Abstract: The goal of this project is to understand the contexts and processes of new relationship formation in the reentry population. Prior research in low-income populations strongly suggests that new relationship formation with single mothers upon reentry is common. It is important to understand how and why such relationships are formed because relationship characteristics impact both adult and child economic and overall wellbeing. Little prior research has examined this phenomenon, and this project addresses this gap though collecting and analyzing in-depth interviews and ethnographic observations with reentering low-income Black men and their new or potential partners in New York City.

Randy Capps, Migration Policy Institute. Exploring the Implementation and Early Impacts of the Department of Homeland Security’s Priority Enforcement Program (Program: Race, Ethnicity and Immigration; Grant Period: 7/1/2016-6/30/2017; $75,635)
Abstract: We will study spillover effects stemming from Medicaid expansion that may improve the lives of the criminal justice involved population. Specifically, we are interested in the degree to which Medicaid expansion may reduce recidivism in the population re-entering communities from jails. We posit that providing immediate health care coverage and engaging the re-entering population in treatment may reduce recidivism among those released from jail. We focus on jail populations where recidivism is greatest. We focus on comparing three sets of community pairs that are geographically close and will work closely with each site’s sheriff. MPI is studying the Obama administration’s Priority Enforcement Program (PEP), announced in November 2014. With DAPA suspended by the courts, changes in enforcement priorities represent the only major protection for most unauthorized immigrants. (1) Will PEP result in ongoing declines in deportations? (2) Will deportations become more focused on those with serious criminal charges? (3) How much will deportation policies vary by jurisdiction? (4) What will the perceived impacts on immigrant communities be? To answer these questions, MPI will analyze ICE administrative data and visit local ICE offices, law enforcement agencies and immigrant communities.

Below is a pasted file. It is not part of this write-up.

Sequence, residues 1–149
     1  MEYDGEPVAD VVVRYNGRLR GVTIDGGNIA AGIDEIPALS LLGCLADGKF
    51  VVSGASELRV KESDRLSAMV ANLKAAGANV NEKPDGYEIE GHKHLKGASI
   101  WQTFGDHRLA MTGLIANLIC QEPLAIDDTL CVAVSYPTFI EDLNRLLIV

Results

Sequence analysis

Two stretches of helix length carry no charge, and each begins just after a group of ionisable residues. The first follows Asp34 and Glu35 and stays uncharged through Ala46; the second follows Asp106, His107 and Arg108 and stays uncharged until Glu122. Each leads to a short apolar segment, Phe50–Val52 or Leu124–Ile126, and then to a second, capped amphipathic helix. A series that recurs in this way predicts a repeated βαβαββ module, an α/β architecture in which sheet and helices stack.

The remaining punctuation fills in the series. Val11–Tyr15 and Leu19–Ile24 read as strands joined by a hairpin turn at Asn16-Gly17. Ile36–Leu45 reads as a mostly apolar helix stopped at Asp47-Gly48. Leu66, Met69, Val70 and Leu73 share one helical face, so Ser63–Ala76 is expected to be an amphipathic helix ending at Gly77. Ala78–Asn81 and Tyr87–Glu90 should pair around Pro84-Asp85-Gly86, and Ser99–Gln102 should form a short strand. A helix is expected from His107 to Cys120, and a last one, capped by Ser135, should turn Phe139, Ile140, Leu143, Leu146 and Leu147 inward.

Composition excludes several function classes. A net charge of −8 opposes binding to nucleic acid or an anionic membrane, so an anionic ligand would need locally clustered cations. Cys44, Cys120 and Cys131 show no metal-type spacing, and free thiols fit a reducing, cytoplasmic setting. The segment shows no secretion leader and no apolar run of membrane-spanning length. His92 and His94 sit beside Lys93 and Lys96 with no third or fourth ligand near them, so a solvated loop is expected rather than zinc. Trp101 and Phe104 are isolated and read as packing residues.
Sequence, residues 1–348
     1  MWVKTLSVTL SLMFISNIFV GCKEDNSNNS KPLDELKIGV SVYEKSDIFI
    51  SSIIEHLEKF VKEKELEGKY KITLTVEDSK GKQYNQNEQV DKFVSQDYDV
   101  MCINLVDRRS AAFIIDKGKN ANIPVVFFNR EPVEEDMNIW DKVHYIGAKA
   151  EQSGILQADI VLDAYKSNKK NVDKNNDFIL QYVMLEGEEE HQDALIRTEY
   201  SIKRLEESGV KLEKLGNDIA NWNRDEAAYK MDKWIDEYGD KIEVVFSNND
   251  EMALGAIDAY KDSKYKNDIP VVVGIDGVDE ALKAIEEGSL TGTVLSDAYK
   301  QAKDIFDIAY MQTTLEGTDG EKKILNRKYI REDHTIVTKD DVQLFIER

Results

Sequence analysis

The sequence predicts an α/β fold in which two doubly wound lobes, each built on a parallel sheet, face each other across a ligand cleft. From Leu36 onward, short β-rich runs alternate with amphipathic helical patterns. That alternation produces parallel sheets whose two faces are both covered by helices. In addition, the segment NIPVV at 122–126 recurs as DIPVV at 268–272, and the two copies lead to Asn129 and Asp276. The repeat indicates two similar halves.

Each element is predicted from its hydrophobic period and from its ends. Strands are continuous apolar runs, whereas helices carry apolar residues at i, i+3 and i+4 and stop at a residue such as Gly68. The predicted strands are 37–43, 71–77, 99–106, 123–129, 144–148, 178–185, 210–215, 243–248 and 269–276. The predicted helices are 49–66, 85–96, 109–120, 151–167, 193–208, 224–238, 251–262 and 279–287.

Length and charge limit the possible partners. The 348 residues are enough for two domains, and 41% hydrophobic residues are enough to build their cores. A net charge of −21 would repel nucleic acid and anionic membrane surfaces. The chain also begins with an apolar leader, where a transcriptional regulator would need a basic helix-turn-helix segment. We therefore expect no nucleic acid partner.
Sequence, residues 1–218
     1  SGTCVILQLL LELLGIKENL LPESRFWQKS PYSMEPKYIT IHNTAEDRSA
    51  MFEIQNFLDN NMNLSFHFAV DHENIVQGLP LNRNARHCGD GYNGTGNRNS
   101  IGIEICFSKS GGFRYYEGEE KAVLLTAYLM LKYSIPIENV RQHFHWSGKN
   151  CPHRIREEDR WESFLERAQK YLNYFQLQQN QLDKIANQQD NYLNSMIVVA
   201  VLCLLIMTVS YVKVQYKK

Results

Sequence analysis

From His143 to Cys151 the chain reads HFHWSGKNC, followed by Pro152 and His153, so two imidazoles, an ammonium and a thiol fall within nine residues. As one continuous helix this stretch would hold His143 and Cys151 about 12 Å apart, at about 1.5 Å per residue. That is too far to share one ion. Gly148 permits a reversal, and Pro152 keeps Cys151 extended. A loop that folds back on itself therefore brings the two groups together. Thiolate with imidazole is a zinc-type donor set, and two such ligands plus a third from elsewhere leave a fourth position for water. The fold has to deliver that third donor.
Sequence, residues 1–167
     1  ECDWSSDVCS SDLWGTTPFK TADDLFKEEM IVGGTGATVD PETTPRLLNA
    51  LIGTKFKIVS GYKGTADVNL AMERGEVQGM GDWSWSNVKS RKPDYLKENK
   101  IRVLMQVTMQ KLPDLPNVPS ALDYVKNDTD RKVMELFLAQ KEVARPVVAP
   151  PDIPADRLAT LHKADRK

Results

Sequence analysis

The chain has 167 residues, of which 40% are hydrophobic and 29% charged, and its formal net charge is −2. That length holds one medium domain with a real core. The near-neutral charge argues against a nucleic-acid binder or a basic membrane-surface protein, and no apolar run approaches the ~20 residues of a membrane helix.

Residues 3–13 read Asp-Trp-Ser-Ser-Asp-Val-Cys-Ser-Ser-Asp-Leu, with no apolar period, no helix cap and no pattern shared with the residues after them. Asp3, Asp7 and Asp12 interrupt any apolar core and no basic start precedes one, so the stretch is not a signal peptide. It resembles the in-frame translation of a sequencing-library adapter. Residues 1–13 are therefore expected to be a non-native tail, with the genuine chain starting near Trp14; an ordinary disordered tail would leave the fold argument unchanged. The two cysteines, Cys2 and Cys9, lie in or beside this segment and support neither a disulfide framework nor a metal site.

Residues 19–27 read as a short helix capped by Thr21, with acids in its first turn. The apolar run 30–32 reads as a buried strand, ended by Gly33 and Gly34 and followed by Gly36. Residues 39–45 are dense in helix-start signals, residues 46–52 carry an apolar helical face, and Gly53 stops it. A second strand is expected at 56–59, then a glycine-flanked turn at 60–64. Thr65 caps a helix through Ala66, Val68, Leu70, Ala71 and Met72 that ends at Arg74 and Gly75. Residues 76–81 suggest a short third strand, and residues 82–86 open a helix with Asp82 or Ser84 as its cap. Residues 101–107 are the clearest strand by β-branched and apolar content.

Kurt Gray and Brian Keith Payne, University of North Carolina and Jazmin Brown- Iannuzzi, University of Virginia. Cast as a Criminal: How Moral Typecasting Leads to Racial Prejudice (Program: Race, Ethnicity, and Immigration; Grant Period: 6/1/2016-5/31/2019; $139,095)
Abstract: Compared to other demographic groups, Black males are especially likely to be pulled over by police, stopped-and-frisked, and shot to death. Although general racial stereotypes (e.g., Black men are hostile) help explain this mistreatment, we suggest that moral typecasting—the stereotyping of others into enduring moral roles, such as villain or victim—is a robust proximate cause of over-criminalization of Black males. Using a combination of experiments and archival studies, we propose to test whether moral typecasting explains people’s moral judgments of Black males, and whether these judgments are more severe for adolescents, especially in contexts that elicit suspicion.